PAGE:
East End of Church at Melrose Abbey, Scottish Borders.

This evening, I am focusing on Melrose Abbey in the Scottish Borders region, about forty miles south of Edinburgh.

Melrose is one of a  group of four ruined abbeys which date from medieval times, the others being Dryburgh, Jedburgh and Kelso.

History of Melrose Abbey

The founding of Melrose Abbey on its current site (superseding a previous building located about two miles away) was inspired by King David I of Scotland in 1136 AD. The Abbey was built by a group of Cistercian Monks from Rievaulx in Yorkshire, England. Construction is believed to have taken ten years.

Because the Abbey enjoyed Royal favour it continued to flourish despite suffering damage in the Anglo-Scottish wars and being rebuilt in the 15th century. It fell into ruin after being ravaged by English soldiers and Scots Protestants. The last monk died in 1590.The Abbey is noteworthy for:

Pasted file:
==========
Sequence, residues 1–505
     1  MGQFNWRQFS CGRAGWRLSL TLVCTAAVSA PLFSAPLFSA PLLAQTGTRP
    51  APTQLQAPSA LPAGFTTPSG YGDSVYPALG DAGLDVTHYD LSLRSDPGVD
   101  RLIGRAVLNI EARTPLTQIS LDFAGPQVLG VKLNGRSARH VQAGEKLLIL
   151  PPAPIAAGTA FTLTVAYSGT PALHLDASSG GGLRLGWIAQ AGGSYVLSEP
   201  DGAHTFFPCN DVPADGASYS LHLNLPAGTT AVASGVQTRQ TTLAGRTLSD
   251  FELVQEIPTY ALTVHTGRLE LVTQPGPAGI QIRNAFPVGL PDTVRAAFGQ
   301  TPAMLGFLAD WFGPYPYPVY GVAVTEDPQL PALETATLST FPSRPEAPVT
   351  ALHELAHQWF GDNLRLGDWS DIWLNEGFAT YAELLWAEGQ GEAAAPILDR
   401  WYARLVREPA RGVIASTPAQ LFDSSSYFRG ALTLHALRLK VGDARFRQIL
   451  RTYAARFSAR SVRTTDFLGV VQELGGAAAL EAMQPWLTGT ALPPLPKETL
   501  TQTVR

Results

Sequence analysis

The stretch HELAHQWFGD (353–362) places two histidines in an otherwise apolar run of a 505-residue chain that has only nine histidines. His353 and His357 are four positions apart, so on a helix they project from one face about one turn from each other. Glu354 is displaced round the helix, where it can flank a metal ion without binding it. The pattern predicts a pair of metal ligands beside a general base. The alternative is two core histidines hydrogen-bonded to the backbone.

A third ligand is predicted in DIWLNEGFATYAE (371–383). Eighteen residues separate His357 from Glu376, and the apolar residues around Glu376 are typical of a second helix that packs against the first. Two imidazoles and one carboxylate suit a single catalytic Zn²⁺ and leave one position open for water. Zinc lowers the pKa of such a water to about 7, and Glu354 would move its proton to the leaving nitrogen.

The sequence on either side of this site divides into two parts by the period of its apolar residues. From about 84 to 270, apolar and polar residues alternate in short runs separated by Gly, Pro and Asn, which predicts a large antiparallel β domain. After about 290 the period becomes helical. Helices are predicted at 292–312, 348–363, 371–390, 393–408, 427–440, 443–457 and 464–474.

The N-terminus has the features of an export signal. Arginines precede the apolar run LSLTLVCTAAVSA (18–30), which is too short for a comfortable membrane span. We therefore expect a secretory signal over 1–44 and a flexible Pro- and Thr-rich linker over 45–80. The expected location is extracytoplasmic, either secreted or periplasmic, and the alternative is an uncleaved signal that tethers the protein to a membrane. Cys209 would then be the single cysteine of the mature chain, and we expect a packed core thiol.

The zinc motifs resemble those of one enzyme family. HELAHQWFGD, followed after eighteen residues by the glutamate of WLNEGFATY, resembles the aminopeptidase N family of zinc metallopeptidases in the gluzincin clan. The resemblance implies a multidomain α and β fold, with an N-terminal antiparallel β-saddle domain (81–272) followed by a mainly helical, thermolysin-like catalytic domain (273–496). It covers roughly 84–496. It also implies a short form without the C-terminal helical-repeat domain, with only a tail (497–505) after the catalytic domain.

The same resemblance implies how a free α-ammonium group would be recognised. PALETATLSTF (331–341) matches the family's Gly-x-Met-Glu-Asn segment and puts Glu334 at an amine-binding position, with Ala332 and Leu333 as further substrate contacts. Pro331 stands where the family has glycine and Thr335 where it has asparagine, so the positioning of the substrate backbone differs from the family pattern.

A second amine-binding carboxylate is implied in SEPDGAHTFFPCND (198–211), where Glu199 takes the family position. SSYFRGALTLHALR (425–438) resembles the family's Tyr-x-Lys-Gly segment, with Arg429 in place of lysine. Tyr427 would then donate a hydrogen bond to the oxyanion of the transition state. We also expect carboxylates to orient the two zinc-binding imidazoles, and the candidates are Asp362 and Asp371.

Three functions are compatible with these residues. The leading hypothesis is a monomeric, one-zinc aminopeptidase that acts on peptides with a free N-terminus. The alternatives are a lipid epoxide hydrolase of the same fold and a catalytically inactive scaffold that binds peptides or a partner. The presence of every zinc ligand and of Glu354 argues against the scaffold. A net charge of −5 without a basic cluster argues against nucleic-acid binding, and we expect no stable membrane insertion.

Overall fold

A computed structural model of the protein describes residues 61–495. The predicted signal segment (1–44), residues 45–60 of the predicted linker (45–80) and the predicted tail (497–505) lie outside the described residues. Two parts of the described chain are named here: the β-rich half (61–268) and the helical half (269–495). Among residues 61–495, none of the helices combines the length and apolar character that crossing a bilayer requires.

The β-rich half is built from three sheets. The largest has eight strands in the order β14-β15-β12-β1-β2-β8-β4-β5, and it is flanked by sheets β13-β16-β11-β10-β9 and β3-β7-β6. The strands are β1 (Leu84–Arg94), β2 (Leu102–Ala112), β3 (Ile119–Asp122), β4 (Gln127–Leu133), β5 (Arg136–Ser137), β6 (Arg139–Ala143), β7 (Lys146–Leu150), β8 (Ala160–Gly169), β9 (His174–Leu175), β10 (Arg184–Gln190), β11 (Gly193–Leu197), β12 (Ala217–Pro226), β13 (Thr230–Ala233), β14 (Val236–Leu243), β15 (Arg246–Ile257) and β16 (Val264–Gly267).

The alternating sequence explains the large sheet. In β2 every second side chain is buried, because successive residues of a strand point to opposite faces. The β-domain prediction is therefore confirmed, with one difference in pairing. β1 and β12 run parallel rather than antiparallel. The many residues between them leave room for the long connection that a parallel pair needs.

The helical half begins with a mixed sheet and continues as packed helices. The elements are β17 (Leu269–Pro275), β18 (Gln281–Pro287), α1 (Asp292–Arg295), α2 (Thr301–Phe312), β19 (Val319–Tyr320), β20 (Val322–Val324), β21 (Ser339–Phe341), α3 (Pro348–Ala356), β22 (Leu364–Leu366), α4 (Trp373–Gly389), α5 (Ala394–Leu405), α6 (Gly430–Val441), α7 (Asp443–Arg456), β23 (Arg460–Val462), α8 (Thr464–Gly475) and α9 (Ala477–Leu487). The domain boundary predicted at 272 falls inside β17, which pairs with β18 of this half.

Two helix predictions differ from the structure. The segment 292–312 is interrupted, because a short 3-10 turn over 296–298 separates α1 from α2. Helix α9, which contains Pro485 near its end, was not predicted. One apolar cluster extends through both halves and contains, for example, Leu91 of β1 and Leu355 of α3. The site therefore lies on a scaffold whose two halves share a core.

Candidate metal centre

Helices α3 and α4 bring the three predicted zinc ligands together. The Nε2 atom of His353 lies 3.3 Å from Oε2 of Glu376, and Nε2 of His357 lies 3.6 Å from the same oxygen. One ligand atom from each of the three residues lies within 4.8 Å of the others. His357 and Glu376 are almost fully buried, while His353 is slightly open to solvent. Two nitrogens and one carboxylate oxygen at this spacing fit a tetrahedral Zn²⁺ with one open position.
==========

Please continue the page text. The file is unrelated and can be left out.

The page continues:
• Quality of the stone carvings which include an unusual effigy of a pig playing the bagpipes.
  • Burial place of the heart of King Robert the Bruce.
  • Museum with evidence of the Roman presence in the area.

Visiting Melrose and Borders.

The Abbey is a popular attraction with visitors, many of whom go on to visit the other three abbeys.. The adjacent small town of Melrose is a pleasant place to enjoy a stroll, visit the shops and avail of refreshment. There is a garden, Priorwood which specialises in producing dried flowers.

Melrose Abbey is a usually a key constituent of a tour of the Borders region.

Video clip of Melrose Abbey interior.

Bagpipe playing pig at Melrose Abbey, Scotland.

Architectural detail, Melrose Abbey, Scotland. (Note statues are headless)

Burial Place of Robert the Bruce’s Heart, Melrose Abbey, Scotland

Aspect of Melrose Abbey, Scottish Borders

Melrose Abbey, Scottish Borders

View from Tower of Melrose Abbey, Scottish Borders

Melrose Abbey, Scottish Borders

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